Adults who eat more than two tomatoes a day have a slower rate of natural lung function decline, with ex-smokers seeming to benefit the most, scientists said yesterday.

Similar benefits, they said, were observed for people who ate more than three portions of fresh fruit a day, especially apples.

“This study shows that diet might help repair lung damage in people who have stopped smoking,” study co-author Vanessa Garcia-Larsen of the Johns Hopkins Bloomberg School of Public Health said.

“It also suggests that a diet rich in fruits can slow down the lung’s natural ageing process even if you have never smoked.”

In the study published in the European Respiratory Journal, researchers analysed data from 680 people in Germany, Britain and Norway, who signed up for a health survey in 2002.

Participants answered a questionnaire and underwent two types of lung-function tests at the beginning and then 10 years later.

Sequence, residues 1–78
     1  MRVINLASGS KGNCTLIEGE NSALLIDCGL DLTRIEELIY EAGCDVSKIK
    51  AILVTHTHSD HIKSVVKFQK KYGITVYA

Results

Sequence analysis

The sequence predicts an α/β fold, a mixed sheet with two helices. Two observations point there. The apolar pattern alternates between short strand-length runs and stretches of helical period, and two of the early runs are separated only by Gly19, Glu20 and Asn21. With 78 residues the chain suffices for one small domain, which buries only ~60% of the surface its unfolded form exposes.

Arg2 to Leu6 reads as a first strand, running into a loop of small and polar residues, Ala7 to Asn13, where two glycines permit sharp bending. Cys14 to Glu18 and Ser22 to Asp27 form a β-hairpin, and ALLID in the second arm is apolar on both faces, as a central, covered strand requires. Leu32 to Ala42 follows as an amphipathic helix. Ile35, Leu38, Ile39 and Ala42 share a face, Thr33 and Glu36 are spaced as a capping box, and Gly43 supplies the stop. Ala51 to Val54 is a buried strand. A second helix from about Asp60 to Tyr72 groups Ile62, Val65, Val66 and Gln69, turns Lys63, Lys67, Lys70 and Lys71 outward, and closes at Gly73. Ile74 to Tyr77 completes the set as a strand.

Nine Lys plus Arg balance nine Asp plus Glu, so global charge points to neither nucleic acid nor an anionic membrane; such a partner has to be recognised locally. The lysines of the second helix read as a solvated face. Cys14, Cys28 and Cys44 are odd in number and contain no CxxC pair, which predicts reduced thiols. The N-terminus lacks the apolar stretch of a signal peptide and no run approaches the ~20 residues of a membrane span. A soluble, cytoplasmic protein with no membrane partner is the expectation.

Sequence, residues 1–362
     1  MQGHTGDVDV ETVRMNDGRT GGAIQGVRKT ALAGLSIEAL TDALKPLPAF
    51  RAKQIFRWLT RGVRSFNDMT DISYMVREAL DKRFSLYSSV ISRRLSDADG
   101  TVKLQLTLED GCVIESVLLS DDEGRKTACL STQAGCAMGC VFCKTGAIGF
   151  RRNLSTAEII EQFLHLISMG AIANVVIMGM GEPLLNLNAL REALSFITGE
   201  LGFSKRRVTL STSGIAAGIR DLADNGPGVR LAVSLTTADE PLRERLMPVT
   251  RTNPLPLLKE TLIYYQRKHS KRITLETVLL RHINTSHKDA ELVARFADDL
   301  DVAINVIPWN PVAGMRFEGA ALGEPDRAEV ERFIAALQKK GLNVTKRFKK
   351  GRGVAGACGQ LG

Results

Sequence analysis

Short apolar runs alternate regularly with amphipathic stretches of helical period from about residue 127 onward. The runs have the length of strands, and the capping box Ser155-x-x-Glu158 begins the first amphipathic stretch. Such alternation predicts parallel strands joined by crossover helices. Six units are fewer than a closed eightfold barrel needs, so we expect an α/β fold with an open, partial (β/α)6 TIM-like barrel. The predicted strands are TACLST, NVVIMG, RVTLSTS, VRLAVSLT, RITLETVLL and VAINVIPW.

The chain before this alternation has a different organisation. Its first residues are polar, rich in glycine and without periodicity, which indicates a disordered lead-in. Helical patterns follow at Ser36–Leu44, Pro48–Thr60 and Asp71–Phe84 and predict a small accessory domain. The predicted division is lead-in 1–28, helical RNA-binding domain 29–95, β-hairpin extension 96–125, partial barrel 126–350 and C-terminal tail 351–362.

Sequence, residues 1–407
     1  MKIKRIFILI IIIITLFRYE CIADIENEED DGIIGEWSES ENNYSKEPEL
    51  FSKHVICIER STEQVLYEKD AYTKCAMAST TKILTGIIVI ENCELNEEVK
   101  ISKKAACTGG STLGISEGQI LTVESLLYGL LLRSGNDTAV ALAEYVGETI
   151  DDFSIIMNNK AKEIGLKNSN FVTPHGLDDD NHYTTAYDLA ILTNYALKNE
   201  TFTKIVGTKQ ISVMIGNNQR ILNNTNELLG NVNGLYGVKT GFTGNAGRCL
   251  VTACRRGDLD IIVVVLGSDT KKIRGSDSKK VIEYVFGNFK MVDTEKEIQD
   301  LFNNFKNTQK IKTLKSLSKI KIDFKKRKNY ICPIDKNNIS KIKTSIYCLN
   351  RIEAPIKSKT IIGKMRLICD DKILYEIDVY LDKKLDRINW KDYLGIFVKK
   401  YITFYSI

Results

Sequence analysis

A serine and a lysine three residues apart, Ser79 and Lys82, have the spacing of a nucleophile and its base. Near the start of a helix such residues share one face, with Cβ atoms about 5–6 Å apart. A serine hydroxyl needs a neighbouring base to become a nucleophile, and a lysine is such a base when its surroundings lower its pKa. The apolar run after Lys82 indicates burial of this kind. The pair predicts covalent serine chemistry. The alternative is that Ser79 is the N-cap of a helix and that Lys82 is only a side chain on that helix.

Other factors, such as the participants’ age, height, weight, gender, income and level of physical activity, were taken into account in analysing any association between diet and lung health, the team said.

They found that the rate of lung decline, which happens normally in people from about the age of 30, was slower in those who ate more tomatoes and other fruits.

Among former smokers, the link was “even more striking,” implying their diet was helping to repair damage done by tobacco, the team said.

The effect was observed only with fresh fruit and vegetables, not processed.


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